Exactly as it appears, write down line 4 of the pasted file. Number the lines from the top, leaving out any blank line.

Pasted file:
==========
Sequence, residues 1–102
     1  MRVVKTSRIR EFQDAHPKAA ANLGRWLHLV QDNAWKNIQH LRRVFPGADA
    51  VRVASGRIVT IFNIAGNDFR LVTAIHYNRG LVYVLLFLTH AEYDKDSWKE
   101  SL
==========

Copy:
   101  SL